FSA vs. HSA: Which is better for you?
FSA vs. HSA: Which is better for you?
Open enrollment season is nearing. Minimize stress and simplify the process by reviewing your options ahead of time.
Open enrollment season is just right around the corner. The annual ritual of choosing a health insurance plan can be intimidating and downright overwhelming. Having too many options can drain our mental energy and prompt us to blindly choose a plan just to get it over with.
However, we encourage you to look at your health benefits package closely to sign up for the right plan that fits your needs, particularly if your work offers you a flexible spending account (FSA) and/or a health savings account (HSA).
What is an FSA and HSA? And which should you sign up for?
You can think of an FSA and HSA as a personal savings account to pay your out of pocket medical costs such as copayments, deductibles, prescription costs and other qualified medical expenses that are not covered by insurance. Both plans allow you to set aside pretax dollars, which then reduces your taxable income.
So, which plan should you choose?
Firstly, not everyone is eligible for an HSA and not all employers provide it as an option. This account is only available to those who have a high-deductible health plan (HDHP). For 2019, a plan must have a minimum annual deductible of $1,350 for self-only and $2,700 for a family to be considered a HDHP. Additionally, you can’t have any other health coverage (including Medicare) or be claimed as a dependent on someone else’s tax return.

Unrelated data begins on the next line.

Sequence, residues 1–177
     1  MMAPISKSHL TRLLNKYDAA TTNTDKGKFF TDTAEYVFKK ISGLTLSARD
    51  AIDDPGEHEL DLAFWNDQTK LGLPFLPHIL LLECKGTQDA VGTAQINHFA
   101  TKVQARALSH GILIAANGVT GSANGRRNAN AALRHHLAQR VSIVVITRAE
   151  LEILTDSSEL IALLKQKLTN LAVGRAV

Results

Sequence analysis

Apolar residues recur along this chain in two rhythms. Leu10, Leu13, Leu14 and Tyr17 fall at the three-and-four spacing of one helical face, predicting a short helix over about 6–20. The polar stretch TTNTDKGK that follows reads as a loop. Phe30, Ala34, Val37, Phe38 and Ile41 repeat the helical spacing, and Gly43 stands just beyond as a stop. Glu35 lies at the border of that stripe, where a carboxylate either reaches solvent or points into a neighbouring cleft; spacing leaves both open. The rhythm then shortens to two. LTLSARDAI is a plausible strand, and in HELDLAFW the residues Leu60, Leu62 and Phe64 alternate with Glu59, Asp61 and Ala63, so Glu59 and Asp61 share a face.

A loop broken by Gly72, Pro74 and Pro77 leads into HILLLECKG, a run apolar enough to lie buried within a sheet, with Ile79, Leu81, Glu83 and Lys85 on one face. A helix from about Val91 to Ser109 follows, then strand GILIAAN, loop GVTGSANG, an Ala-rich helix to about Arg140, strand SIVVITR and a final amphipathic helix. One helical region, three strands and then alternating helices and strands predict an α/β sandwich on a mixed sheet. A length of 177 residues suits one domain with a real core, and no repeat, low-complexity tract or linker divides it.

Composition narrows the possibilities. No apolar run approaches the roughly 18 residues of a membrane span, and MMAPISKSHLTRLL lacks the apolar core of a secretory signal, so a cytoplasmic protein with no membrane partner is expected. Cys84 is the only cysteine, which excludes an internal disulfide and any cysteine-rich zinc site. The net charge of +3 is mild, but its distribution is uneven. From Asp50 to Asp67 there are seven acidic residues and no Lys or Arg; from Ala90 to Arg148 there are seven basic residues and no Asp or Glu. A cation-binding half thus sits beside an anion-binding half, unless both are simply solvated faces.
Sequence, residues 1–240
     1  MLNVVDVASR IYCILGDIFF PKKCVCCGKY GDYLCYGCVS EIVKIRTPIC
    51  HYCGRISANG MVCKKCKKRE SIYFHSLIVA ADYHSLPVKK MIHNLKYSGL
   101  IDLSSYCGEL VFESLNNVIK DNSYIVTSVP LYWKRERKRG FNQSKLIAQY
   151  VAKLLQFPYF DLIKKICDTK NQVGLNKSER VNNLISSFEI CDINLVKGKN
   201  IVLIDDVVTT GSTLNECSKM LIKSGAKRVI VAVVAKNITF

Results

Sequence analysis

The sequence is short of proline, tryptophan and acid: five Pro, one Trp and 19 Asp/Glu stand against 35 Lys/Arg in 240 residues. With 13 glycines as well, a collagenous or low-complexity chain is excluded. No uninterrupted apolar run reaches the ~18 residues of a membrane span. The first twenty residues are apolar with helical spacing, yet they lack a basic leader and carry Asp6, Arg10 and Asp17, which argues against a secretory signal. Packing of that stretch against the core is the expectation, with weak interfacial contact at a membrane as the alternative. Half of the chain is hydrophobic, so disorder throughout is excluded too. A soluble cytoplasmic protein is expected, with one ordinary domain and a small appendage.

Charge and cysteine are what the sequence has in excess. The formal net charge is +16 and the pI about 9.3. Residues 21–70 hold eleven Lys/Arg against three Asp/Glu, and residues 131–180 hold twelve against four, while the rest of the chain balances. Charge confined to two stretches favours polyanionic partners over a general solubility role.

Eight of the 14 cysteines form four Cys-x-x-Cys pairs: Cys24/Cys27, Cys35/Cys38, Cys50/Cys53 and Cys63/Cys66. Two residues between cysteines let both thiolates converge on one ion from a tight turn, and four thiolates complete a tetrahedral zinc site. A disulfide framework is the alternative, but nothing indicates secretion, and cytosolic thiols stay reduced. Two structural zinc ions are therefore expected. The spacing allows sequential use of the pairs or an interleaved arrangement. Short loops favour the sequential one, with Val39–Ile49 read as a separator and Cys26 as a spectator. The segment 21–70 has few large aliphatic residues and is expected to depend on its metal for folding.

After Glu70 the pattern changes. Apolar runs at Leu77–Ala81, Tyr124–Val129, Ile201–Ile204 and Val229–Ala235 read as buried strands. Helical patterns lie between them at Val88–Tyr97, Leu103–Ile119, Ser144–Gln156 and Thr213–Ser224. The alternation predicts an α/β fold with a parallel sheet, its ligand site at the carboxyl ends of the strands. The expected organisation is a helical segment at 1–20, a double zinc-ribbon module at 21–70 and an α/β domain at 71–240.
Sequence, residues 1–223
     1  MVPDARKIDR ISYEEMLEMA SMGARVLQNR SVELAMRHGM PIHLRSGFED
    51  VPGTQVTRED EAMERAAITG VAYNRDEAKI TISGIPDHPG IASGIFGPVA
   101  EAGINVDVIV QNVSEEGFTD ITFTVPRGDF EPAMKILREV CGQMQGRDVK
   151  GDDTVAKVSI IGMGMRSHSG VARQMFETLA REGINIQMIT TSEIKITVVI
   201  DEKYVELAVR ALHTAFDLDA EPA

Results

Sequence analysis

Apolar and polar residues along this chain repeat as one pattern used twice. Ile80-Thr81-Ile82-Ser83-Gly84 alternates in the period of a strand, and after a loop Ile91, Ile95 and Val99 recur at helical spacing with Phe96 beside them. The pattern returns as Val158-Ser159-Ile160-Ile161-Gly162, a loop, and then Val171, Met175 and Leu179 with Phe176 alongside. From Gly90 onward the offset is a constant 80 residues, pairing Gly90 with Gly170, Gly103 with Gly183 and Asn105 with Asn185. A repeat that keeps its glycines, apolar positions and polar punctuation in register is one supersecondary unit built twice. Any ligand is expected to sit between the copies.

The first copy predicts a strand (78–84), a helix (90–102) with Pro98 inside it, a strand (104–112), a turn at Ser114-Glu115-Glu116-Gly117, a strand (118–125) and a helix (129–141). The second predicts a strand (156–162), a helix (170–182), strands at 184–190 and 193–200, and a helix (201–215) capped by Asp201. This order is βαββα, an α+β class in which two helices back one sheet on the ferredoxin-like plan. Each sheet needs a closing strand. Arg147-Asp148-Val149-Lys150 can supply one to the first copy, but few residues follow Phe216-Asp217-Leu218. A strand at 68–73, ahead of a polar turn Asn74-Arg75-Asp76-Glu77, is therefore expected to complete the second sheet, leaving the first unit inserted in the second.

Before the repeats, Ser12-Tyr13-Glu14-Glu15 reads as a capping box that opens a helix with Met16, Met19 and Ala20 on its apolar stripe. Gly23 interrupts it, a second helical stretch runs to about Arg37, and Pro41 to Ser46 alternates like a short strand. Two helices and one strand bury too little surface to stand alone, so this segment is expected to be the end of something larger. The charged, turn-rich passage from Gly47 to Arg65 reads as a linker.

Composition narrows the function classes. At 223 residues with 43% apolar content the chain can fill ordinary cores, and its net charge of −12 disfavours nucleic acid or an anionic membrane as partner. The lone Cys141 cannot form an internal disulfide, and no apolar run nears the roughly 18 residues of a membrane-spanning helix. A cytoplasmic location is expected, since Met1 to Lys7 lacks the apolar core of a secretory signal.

With a Health FSA on the other hand, the only requirement to participate in it is simply having an employer who offers it and you sign up.
If you are eligible for both, let’s further explore the differences between the two:
Annual Contribution Limits
HSA: $3,500 for self-only or $7,000 for family
Health FSA: $2,650
HSA: Must have a HDHP
Health FSA: Have an employer who offers the plan
HSA: Unused balances rollover into the next year.
Health FSA: You forfeit any unused balance. Some employers may offer a grace period to use funds or allow you to rollover $500 into the new year.
Changing Contribution Amounts
HSA: You can change the amount you contribute at any time, as long as you do not exceed the annual contribution limit.
Health FSA: Your contribution amount is determined during enrollment period. This amount can only be changed if there is a family status change (marriage, divorce, birth of child, etc.)
HSA: You can only use the money you’ve already contributed. You do not pay taxes on money you withdraw for medical expenses.
Health FSA: You have access to the full amount before you contribute it all and can withdraw it at any time, up to the amount you have chosen to contribute for the year. You do not pay any taxes on money you withdraw for qualified medical expenses.
HSA: If you withdraw money for non-qualifying purposes before age 65, you pay taxes plus a 20% penalty. After age 65, money can be withdrawn without penalty. However, if it is not used for qualified medical expenses, it will be taxed.
Health FSA: Employers have flexibility in designing their FSA plan. Thus, the penalty for using the account for non-qualifying medical expenses can vary.
HSA: Account belongs to you and is yours to keep, even if you get a new job.
Health FSA: Account belongs to employer. If you change jobs or fail to spend the funds annually, they are forfeited.
The Bottom Line:
Choosing the right plan can be complicated. A good place to start is to make a list of your anticipated prescription costs, doctor’s visits and any treatments or surgeries for the year. Of course, medical emergencies can occur at any time, which can make it challenging to plan for healthcare costs. However, having a general idea of your anticipated medical expenses can help you make the best decision.
Contributing to either may help lower your tax liability.
If you qualify for both plans, consider choosing the HSA simply because you can contribute a higher amount and carry over your contributions from year to year.
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